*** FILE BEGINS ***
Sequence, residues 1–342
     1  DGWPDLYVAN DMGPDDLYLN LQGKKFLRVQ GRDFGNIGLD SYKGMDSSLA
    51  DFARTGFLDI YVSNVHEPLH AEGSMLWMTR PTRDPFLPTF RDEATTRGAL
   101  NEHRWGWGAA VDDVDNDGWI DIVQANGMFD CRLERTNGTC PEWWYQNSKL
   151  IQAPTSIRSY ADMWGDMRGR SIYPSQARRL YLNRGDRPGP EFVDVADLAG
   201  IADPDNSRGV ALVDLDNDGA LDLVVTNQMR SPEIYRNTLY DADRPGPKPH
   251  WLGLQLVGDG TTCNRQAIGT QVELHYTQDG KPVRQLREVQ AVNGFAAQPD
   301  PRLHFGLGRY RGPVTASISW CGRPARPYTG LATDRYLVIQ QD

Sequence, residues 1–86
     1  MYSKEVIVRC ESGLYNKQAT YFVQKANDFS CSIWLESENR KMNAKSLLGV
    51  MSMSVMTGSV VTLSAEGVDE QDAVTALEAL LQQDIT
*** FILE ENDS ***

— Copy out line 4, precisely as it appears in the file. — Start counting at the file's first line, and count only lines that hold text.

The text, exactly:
   101  NEHRWGWGAA VDDVDNDGWI DIVQANGMFD CRLERTNGTC PEWWYQNSKL